Diplomatic Ramifications of Unrestricted Submarine Warfare, 1939-1941

Diplomatic Ramifications of Unrestricted Submarine Warfare, 1939-1941

Diplomatic Ramifications of Unrestricted Submarine Warfare, 1939-1941

Diplomatic Ramifications of Unrestricted Submarine Warfare, 1939-1941

Synopsis

Manson considers the political, economic, legal, and military rationale for the United States' decision on December 7, 1941, to adopt a policy of unrestricted submarine warfare, reversing its previous foreign policy that had centered on the "freedom of the seas" concept. Germany's rejection of this policy had been one of the chief reasons for U.S. entry into World War I. The volume provides multinational perspectives based on multiarchival research, incorporating much previously unavailable historical material.

Excerpt

On December 7, 1941, the United States elected to conduct unrestricted submarine warfare. This decision proved a watershed in U.S. foreign policy because it represented a dramatic reversal of the long-standing policy of defending freedom of the seas and because the decision provided the precedent and rationale for using advanced weapons technology against noncombatants. Throughout World War I, the Wilson administration insisted that German submarines observe customary rules of international law, requiring a man-of-war to give notice to a merchantman of its intent to board to determine from the ship's papers whether its cargo contained contraband of war. If contraband were found, the safety of the ship's crew and passengers was to be assured regardless of the process for disposing of the contraband. Subsequent American administrations upheld this policy until December 1941, after the Japanese attack on Pearl Harbor. At this point, the United States not only adopted unrestricted submarine warfare (i.e., the destruction of all vessels entering a designated war zone), but justified it with the same rationale Germany had used in 1917. Ironically, the United States had entered World War I largely because of German unrestricted submarine warfare. No other foreign policy reversal in U.S. history quite matches in magnitude its decision to abandon this position. In other words, the United States had never before adopted a policy which had been one of the chief provocations for a global war against another power.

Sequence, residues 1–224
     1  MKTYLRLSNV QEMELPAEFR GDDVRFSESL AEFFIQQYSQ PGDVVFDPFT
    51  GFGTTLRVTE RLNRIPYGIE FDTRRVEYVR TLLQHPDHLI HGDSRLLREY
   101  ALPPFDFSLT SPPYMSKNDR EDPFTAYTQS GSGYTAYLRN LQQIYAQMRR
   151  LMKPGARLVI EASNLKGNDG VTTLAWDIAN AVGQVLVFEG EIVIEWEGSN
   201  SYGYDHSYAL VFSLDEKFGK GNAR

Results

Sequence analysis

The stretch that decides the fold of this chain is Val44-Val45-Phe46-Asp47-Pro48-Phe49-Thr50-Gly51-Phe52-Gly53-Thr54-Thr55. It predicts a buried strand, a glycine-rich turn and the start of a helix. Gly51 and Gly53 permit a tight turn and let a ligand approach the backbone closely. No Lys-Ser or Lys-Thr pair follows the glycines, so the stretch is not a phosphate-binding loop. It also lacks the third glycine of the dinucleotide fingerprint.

This study examines the origins of the German and American decisions for unrestricted submarine warfare during World War II by using both military and political archival materials from West Germany and the United States. The work relies heavily on extensive archival research conducted in both countries, incorporating material recently released in archives in this country and gathered from various archives and libraries in West Germany, when the latter material is unavailable here. The sources consulted have not been accessible to scholars who . . .

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